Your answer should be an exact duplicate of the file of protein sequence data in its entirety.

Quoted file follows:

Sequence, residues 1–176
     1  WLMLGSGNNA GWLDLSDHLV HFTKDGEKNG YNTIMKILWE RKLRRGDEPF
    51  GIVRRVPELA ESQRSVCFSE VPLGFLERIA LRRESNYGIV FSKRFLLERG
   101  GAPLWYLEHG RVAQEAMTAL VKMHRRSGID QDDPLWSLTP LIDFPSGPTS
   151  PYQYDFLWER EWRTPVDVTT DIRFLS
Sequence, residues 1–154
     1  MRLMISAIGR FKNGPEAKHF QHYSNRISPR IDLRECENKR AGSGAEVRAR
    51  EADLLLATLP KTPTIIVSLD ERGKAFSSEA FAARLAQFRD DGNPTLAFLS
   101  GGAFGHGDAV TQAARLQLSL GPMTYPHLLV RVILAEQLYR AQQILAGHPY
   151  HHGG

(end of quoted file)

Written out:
Sequence, residues 1–176
     1  WLMLGSGNNA GWLDLSDHLV HFTKDGEKNG YNTIMKILWE RKLRRGDEPF
    51  GIVRRVPELA ESQRSVCFSE VPLGFLERIA LRRESNYGIV FSKRFLLERG
   101  GAPLWYLEHG RVAQEAMTAL VKMHRRSGID QDDPLWSLTP LIDFPSGPTS
   151  PYQYDFLWER EWRTPVDVTT DIRFLS
Sequence, residues 1–154
     1  MRLMISAIGR FKNGPEAKHF QHYSNRISPR IDLRECENKR AGSGAEVRAR
    51  EADLLLATLP KTPTIIVSLD ERGKAFSSEA FAARLAQFRD DGNPTLAFLS
   101  GGAFGHGDAV TQAARLQLSL GPMTYPHLLV RVILAEQLYR AQQILAGHPY
   151  HHGG